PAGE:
Agreeing with what God says about my heart is the first step in recognizing my need for the input of others. Asking for input does not come naturally though. It's one thing to ask a friend if your hair looks better this way or that way, but it's another thing to ask someone for their input about your speech toward others or how you responded in a particular situation or how your thought life has been in light of meeting that new guy or girl. Now we're getting personal...we're getting to the nitty-gritty...and this is where real change can begin to take place. If we can take the first step by agreeing with what God's word says about our deceitful hearts, then by faith we can take the next step by humbling ourselves before another and asking them specific questions about what they may see in our lives. Remember that the input of others is not always conclusive, meaning, it's possible that their observations are not entirely correct or accurate. The path of humility would call us to thankfully receive what they share and then we can go before the Lord and offer it up to Him, praying:

"Search me, O God, and know my heart! Try me and know my thoughts! And see if there be any grievous way in me, and lead me in the way everlasting!"
Psalm 139:23-24

So many things that we pray about often seem to go unanswered, at least for a time. Although God is at work in that particular situation that we're praying about, we just can't see with our eyes of flesh what He is doing so we need to simply wait and trust in His goodnesss. Most things I pray about seem to fall into this "wait and trust" category, so I find it curious that when I've prayed Psalm 139:23-24, God has faithfully shown me, rather quickly, areas of sin. This is nothing short of a demonstration of His mercy and love towards us. Our Savior is committed to our sanctification like none other and promises to complete the work that He has begun in us.

Asking for input may be difficult but giving input can be just as, if not more challenging. Will she be angry if I bring this to her attention? Will she get defensive? Will this just turn into a conflict? How can I bring this up in a gracious way? What will she think of me? Can't God just show them this without me? These are just some of the questions that plague my deceitful heart that is often ruled by what others think above and beyond what God thinks. Sharing input with others has been an especially difficult area for me but by the grace of God, my toes are pointed in the right direction and if you look close enough, there may even be slight trails of a shuffle. There is no magical formula to make this easy, but this is what I have sought to do and it's been very helpful:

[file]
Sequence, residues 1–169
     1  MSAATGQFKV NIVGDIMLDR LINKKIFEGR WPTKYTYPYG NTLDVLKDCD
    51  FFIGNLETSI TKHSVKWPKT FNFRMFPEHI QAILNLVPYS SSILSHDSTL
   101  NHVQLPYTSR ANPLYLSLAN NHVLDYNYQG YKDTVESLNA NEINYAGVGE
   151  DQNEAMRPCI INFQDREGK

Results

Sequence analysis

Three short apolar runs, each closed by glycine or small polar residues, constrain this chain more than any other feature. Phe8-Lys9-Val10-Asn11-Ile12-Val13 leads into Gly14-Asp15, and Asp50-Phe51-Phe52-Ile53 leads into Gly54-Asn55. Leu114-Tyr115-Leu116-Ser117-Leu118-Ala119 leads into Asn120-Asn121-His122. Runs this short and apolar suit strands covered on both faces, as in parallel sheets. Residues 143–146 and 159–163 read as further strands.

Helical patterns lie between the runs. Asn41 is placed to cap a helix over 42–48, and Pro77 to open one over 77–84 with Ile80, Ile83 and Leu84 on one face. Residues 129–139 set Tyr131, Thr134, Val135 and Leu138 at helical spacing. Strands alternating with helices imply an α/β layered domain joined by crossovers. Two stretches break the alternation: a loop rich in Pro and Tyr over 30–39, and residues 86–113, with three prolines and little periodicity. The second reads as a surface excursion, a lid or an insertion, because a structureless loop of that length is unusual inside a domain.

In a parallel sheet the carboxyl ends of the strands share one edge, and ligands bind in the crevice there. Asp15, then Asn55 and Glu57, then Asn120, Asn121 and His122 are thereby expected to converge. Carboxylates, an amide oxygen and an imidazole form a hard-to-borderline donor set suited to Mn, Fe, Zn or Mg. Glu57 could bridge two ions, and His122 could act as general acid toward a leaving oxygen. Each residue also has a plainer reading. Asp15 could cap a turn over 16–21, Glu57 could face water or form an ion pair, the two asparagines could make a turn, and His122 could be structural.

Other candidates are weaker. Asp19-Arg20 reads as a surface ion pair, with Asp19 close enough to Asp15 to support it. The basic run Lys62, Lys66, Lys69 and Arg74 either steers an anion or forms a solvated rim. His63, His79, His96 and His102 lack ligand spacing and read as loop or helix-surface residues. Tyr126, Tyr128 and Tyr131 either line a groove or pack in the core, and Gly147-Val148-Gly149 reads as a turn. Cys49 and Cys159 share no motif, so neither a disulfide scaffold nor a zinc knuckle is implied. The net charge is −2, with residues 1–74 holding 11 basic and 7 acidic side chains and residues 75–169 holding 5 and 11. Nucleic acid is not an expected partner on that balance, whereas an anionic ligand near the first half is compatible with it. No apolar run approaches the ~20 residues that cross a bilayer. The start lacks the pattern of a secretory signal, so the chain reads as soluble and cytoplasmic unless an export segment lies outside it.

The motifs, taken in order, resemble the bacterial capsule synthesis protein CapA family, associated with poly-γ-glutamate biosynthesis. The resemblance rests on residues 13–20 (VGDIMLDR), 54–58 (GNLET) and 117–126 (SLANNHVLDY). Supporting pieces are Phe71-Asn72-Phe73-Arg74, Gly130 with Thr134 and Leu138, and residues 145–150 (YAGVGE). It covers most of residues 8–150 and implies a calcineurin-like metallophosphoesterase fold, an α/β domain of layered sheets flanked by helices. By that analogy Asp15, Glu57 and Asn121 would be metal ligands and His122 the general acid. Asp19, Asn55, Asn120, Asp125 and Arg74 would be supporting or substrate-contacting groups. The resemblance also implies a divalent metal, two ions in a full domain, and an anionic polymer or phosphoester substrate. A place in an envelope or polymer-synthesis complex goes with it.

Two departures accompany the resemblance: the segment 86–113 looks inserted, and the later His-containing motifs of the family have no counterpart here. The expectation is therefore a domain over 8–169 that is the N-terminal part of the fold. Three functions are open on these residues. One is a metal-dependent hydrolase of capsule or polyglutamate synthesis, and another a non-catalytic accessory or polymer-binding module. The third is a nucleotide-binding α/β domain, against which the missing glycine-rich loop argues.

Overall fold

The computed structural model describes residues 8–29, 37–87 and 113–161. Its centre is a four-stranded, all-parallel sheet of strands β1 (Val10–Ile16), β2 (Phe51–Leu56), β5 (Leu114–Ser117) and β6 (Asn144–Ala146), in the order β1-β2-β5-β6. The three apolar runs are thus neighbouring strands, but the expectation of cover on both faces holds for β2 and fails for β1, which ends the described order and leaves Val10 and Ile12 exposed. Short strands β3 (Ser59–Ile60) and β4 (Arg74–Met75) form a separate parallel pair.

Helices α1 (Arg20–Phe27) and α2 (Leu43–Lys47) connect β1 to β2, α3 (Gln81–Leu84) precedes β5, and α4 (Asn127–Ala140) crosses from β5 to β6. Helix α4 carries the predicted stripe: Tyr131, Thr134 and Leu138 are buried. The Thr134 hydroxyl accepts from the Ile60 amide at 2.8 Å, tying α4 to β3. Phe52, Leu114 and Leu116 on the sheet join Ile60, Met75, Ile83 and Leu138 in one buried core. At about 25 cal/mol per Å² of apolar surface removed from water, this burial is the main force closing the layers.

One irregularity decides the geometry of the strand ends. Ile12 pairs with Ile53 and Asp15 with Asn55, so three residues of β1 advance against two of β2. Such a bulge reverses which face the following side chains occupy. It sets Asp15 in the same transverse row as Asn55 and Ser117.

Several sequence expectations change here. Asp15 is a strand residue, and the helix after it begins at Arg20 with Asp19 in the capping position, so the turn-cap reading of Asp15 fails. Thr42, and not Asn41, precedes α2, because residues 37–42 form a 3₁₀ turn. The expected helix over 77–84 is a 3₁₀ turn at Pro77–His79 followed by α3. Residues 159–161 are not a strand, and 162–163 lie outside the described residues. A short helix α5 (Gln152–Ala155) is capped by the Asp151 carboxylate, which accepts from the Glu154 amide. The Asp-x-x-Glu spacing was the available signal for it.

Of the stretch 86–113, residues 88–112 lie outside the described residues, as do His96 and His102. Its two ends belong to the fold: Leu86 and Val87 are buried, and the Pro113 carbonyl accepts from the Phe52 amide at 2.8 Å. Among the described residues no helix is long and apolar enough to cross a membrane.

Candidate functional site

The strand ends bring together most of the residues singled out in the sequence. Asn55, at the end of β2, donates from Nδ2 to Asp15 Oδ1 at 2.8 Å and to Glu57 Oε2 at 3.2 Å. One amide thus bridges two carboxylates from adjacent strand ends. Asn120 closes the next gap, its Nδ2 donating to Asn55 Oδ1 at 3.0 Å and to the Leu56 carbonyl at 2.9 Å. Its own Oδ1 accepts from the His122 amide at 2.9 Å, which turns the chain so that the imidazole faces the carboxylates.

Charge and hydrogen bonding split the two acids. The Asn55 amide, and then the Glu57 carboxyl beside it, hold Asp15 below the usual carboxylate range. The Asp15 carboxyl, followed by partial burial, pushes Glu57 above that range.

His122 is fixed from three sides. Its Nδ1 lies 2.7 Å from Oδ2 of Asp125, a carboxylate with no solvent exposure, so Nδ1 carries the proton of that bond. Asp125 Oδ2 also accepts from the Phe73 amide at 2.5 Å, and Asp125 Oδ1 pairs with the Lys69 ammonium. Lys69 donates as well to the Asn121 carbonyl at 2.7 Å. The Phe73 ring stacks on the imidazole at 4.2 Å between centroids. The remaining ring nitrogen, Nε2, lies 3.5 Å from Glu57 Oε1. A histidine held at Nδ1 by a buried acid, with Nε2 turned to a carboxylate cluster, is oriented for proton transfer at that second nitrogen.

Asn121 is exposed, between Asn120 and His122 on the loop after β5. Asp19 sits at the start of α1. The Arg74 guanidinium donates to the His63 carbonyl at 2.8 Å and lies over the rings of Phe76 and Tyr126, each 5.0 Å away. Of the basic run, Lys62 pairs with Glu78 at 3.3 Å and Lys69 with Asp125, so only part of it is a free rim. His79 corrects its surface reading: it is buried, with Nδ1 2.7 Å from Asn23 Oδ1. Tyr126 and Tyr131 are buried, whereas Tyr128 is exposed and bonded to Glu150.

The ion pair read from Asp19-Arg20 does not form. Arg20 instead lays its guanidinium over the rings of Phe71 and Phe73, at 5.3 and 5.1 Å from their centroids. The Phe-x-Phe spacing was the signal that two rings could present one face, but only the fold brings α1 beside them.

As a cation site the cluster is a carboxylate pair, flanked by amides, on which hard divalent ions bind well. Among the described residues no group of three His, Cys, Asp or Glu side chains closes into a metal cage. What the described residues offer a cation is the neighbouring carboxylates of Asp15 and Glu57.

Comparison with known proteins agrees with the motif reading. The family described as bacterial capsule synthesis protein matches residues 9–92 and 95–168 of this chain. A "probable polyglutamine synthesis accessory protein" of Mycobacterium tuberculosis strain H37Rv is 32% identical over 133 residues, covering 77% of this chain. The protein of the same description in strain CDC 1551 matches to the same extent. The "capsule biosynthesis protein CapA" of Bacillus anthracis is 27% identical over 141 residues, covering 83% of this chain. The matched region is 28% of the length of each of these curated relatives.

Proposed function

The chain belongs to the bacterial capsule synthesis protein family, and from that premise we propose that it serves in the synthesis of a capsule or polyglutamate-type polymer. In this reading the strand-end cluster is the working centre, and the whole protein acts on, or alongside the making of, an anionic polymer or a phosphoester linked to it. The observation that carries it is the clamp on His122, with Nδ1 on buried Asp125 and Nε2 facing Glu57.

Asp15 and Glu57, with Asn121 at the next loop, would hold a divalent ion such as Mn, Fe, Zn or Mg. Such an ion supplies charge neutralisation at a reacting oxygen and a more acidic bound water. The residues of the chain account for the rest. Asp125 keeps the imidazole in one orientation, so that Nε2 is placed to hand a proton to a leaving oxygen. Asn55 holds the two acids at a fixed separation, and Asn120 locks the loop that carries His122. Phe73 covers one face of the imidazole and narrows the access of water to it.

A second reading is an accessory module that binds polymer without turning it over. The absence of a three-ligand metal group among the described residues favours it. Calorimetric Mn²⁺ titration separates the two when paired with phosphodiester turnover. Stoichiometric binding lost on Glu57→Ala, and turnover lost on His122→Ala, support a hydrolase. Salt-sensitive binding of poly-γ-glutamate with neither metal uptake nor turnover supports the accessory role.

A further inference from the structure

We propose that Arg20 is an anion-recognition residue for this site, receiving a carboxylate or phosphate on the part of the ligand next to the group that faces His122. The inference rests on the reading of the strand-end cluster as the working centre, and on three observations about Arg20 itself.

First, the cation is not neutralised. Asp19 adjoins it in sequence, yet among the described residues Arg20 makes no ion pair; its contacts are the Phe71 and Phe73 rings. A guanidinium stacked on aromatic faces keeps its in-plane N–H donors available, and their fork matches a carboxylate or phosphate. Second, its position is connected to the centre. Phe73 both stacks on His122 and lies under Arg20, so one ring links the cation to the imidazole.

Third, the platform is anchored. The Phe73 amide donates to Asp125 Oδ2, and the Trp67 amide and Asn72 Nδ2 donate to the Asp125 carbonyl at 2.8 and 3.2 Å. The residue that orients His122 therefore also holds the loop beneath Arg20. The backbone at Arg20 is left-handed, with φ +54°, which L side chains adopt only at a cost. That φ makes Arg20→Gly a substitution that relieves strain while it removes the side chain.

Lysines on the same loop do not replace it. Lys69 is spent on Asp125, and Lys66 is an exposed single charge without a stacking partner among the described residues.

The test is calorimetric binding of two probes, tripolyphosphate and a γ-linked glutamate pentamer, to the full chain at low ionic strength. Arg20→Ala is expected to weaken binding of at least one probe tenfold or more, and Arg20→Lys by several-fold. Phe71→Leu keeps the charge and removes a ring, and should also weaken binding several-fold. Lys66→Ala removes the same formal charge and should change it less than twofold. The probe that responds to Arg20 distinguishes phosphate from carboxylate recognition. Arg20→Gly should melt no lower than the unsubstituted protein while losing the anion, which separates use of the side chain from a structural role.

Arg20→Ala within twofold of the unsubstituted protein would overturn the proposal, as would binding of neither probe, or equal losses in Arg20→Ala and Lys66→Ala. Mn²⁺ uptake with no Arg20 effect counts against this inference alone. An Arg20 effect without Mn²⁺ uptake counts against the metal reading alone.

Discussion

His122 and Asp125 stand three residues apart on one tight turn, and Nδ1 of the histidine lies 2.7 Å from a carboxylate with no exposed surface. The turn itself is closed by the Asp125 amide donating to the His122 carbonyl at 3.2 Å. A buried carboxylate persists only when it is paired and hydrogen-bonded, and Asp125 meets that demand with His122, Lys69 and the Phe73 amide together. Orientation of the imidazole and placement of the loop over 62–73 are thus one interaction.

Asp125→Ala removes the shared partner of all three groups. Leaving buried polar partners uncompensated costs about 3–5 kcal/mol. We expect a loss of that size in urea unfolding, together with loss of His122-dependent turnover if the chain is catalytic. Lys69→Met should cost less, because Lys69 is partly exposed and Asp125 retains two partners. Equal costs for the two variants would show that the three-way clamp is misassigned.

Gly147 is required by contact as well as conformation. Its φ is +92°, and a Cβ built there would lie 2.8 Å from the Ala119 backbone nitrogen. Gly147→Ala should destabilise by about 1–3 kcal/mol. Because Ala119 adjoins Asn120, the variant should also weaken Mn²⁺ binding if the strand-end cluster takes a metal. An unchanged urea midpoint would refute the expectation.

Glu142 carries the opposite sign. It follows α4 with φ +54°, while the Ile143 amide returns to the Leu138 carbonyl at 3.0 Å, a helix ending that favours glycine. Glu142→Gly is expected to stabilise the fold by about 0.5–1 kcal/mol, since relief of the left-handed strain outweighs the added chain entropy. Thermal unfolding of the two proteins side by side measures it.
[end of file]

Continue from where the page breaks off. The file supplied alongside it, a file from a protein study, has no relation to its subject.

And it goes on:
1- Agree with what God's word says about my own heart. Agree with Paul's description of himself and apply it to myself: I am the chief of sinners. If I don't start here, I will be tempted to see their weakness or sin as worse than my own.

2- Thank God for that individual in specific ways, remembering and reminding myself afresh that He is at work in their lives.

3- Ask God for help in sharing my input in a humble and gracious manner. I specifically ask that He would help me to not draw conclusions in my statements but to have a heart to serve them by asking questions, trusting that only God can truly show a person his/her own heart.

4- Make a commitment to God to be a faithful friend to that individual by stepping out and sharing input. If I don't make that commitment to God, I can easily weasel out of it.

5- Remind myself that this is not about me. This is about God's glory and seeking to care for another individual in a way that would bring honor to His Name.

Receiving input from others and sharing input with others is not an easy thing to do. By the grace of God we can seek to grow in both areas by believing that we truly need one another and then making the choice to be a faithful friend to one another, for God's glory.

Just like those dreadful singers on AI that are deceived in thinking that they have a great voice, we are deceived.

Unlike those dreadful singers, we don't stand before a panel of human judges in hopes of hearing "You're going to Hollywood!" We stand before the One and Only perfect and righteous judge: Jesus Christ, who through His death on the cross has made payment for our every sin - past, present, and future. As R.C. Sproul puts it:

What every human being needs to be saved from is God. The last thing in the world the impenitent sinner ever wants to meet on the other side of the grave is God. But the glory of the gospel is that the One from whom we need to be saved is the very One who saves us. God, in saving us, saves us from Himself.

A must read for everyone:

"The Cross and Criticism" https://bookstore.peacemaker.net/html/artic10.htm